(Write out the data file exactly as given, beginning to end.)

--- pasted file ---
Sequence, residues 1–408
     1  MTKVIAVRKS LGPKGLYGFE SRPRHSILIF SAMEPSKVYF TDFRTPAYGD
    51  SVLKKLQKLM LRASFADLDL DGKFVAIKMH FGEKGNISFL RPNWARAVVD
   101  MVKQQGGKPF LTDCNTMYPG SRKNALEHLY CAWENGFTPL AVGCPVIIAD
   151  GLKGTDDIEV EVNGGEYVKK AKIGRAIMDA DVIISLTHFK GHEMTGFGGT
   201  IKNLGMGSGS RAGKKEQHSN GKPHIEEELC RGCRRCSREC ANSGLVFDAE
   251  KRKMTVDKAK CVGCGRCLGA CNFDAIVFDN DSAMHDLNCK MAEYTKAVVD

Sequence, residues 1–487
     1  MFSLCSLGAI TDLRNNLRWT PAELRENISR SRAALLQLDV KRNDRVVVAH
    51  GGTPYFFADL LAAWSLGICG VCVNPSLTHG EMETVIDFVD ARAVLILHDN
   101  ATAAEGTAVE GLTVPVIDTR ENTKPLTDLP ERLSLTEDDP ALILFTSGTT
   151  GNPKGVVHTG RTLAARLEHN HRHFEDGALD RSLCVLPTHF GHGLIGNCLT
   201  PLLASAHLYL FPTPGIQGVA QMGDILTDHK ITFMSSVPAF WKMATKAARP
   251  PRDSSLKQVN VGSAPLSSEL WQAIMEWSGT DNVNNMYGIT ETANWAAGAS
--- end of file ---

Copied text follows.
Sequence, residues 1–408
     1  MTKVIAVRKS LGPKGLYGFE SRPRHSILIF SAMEPSKVYF TDFRTPAYGD
    51  SVLKKLQKLM LRASFADLDL DGKFVAIKMH FGEKGNISFL RPNWARAVVD
   101  MVKQQGGKPF LTDCNTMYPG SRKNALEHLY CAWENGFTPL AVGCPVIIAD
   151  GLKGTDDIEV EVNGGEYVKK AKIGRAIMDA DVIISLTHFK GHEMTGFGGT
   201  IKNLGMGSGS RAGKKEQHSN GKPHIEEELC RGCRRCSREC ANSGLVFDAE
   251  KRKMTVDKAK CVGCGRCLGA CNFDAIVFDN DSAMHDLNCK MAEYTKAVVD

Sequence, residues 1–487
     1  MFSLCSLGAI TDLRNNLRWT PAELRENISR SRAALLQLDV KRNDRVVVAH
    51  GGTPYFFADL LAAWSLGICG VCVNPSLTHG EMETVIDFVD ARAVLILHDN
   101  ATAAEGTAVE GLTVPVIDTR ENTKPLTDLP ERLSLTEDDP ALILFTSGTT
   151  GNPKGVVHTG RTLAARLEHN HRHFEDGALD RSLCVLPTHF GHGLIGNCLT
   201  PLLASAHLYL FPTPGIQGVA QMGDILTDHK ITFMSSVPAF WKMATKAARP
   251  PRDSSLKQVN VGSAPLSSEL WQAIMEWSGT DNVNNMYGIT ETANWAAGAS